Schools, teachers and students across Indiana face consequences when they fall short of state expectations on measures like the state ISTEP test.
Those test results lead to A to F grades for schools and factor into ratings that can get teachers fired at K-12 schools. Now Indiana is extending that concept to colleges of education.
Holding teacher training programs accountable for measures such as how many graduates get jobs within a year of graduating, how well teachers perform on evaluations during their first few years of work or how much student test scores grow isn’t fair because the science behind those measures can’t be trusted, said Gerardo Gonzalez, Indiana University’s education dean.
“Policy makers today want hard and fast answers,” Gonzalez said. “And it just doesn’t work like that in social sciences.”
Chalkbeat, Indiana University, WFYI, Teach Plus and the Indianapolis Public Library sponsored an event tonight examining how the teaching profession is changing. Gonzalez was joined on the panel by Chalkbeat CEO Elizabeth Green and author of “Building a Better Teacher,” which the New York Times recently named one of the top 100 books of 2014, along with two classroom teachers and an Indiana University student studying to become a teacher.
Green said her research showed that teachers not only need a strong understanding of the subject they teach, but also strategies to diagnose mistakes that lead students down the wrong paths.
“Teaching requires specialized knowledge and skill,” she said. “Teachers don’t just have to know the right answer to problems, they have to know the wrong answers.”
Gonzalez said Indiana University aims to recruit top high school graduates to teaching, but they often are lured away but more lucrative professions.
One aspiring teacher on the panel agreed that she was discouraged from going into teaching.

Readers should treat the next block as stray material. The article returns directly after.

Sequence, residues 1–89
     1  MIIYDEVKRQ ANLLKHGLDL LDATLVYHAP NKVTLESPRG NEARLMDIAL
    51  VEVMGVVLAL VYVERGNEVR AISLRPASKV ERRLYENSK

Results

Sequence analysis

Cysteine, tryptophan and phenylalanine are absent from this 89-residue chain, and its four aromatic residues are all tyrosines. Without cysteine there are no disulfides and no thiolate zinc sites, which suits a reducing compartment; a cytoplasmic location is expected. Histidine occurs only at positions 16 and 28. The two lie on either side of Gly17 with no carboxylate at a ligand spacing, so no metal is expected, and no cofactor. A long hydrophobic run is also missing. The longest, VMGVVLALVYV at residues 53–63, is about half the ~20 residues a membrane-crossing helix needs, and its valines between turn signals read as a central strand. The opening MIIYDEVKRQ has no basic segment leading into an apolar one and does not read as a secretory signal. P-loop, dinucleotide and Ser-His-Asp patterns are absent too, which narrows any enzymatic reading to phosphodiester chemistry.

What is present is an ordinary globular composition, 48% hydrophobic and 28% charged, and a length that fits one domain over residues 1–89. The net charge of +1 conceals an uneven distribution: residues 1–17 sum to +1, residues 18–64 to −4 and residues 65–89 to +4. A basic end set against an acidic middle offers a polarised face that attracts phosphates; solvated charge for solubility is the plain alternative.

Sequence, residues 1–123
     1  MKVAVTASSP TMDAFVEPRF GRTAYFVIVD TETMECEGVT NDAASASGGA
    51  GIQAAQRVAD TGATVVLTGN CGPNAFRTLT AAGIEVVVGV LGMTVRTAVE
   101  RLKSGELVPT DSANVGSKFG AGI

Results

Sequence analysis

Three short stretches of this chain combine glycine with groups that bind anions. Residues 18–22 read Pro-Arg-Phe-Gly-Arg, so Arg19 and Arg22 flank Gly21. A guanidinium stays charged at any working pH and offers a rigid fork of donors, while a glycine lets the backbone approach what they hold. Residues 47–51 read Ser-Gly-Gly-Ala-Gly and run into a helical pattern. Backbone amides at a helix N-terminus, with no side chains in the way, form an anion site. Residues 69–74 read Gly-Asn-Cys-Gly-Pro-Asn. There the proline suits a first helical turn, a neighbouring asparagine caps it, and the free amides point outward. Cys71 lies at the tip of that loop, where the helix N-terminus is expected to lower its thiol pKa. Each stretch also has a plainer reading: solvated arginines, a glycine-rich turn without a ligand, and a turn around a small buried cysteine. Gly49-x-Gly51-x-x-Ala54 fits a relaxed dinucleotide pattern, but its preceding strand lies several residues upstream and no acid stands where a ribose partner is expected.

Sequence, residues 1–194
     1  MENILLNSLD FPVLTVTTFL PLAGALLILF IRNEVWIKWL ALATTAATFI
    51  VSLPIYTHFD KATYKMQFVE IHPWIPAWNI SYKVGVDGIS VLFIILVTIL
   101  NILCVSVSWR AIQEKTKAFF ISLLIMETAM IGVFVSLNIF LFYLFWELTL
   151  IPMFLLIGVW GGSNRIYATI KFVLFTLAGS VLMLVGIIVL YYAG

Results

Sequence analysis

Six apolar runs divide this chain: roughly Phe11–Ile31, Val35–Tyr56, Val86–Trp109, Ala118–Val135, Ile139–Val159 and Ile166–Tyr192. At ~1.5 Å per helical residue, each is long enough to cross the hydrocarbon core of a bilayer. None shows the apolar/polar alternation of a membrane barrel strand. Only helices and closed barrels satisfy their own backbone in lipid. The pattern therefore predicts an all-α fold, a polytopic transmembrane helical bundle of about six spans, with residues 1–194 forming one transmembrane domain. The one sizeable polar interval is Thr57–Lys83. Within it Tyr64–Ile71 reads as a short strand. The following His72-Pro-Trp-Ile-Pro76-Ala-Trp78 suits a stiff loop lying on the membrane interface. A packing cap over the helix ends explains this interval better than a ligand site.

“Actually a lot of my teachers in my high school told me not to be a teacher because I was too smart for that,” said Adriana Rivera, a junior from the Gary area who is studying education at IU.
She said they told her: “A girl as smart as you should be a lawyer or a doctor.”
But classroom teachers Natalie Merz and Tayana Dowdell said their jobs are more intellectually demanding than many people think.
Merz, a second grade teacher in Indianapolis Public Schools, said frequent testing and new expectations to better prepare students for college and careers push teachers to keep moving on to harder material, which can leave behind those who need more work on fundamental skills in subjects like math or reading without extra effort from teachers.
“The time is just really difficult to put in that when you have a test in March that you have to take,” Merz said.
Dowdell, a teacher in Lawrence Township, said teachers must be prepared for all sorts of student needs.
“Going in, that person has to have that willingness to recognize that knowing every day might not look the same,” she said. “You have to accept change, you have to have that open mind to be able to address a variety of situations.”
Those challenges aren’t always understood by policy makers, Gonzalez said
“I think that in this country, we have taken too much for granted about teachers,” he said. “I think there are people who believe that if you just know your subject … that you can stand up in front of a classroom and teach it. We know that simply isn’t true.”
Accountability is always looming, he said, whether it’s holding teachers accountable for their students, or holding colleges responsible for their graduates.
“We want to blame teachers, hold them accountable, pay them less than just about every other profession and then we worry why they are leaving within five years?” Gonzalez said.